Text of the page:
I was in close-contact isolation, so joined the event via the livestream. Our new ‘Covid normal’ continues to be a strange time!
A new commission for the 150th anniversary of Trinity College, the oldest residential college in Australia, and where I have been tutor, Head of Academic Programs, SCR President, Council member, honorary Faculty and continue to be on the Academic Committee of the Theological School.
The words for the new anthem ‘O lux beata Trinitas’ weave together a Latin hymn by St Ambrose with newly written poetry by me, set to music by Michael Leighton Jones (former Director of Music and frequent collaborator). Performed by the Choir of Trinity College and conducted by Christopher Watson.
The work starts about 30-ish minutes into the video.
Katherine Firth and Andreas Loewe hold their new book.
Co-authored with the Dean of Melbourne, this book has a new accessible biography of Bonhoeffer, new translations of his poems, close readings from the Bible and The Cost of Discipleship, reflections, prayers and questions for individual or group study.
Bonhoeffer wrote The Cost of Discipleship while leading an ‘underground’ seminary, in hiding from the Nazi government and the church leaders who supported Hitler.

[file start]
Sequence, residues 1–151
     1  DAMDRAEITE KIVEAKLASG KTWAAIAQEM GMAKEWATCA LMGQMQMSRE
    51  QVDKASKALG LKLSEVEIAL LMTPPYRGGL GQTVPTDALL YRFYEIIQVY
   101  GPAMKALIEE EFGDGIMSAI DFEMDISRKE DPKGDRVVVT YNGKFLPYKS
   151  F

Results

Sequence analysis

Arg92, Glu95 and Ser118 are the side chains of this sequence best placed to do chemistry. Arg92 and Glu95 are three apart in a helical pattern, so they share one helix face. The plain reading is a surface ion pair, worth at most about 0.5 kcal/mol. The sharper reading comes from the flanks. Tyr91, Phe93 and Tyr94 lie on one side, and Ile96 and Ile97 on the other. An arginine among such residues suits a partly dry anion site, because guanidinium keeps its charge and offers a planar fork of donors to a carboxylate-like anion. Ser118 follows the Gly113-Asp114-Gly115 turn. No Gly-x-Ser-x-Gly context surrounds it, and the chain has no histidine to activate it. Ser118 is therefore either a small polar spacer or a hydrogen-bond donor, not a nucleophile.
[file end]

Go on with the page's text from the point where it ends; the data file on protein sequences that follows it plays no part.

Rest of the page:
The work is both timeless and timely. Next year, it will be 75 years since Bonhoeffer was executed in a concentration camp, and 75 years since the end of World War II. At the same time, people around the world are working against current oppression and exclusion.
A book launch will be held at St Paul’s Cathedral Melbourne on 24 November, followed by events in Sydney and other cities.
‘Restless, yearning, sick, like a bird in a cage… hungry for colours, for life, for birdsong’. From ‘Who Am I?‘
Dietrich Bonhoeffer is a theologian for our times: an intellectual who worked across barriers of race, denomination and language. For his role in heading an underground seminary, and his work with the resistance against the Nazi regime, he was imprisoned, interned in concentration camps and executed. Bonhoeffer’s writings invite us to ask about what captivity really means, and what it is to have freedom.
And here is a recording of Morning Prayer to whet the appetite:
An article on how Ezra Pound uses ideas and practices of musical modernism to shape his Pisan Cantos. In particular, the chapter debunks the idea that a ‘fugue’ controls the formal aspects of the poem, demonstrating rather the freedom and looseness of the fugue form, and instead demonstrating Pound’s use of small musical moments of coherence through close examination of primary recordings of Pound reciting his poetry, through examination of letters and commentary, and through a deep understanding of early and modern musicology.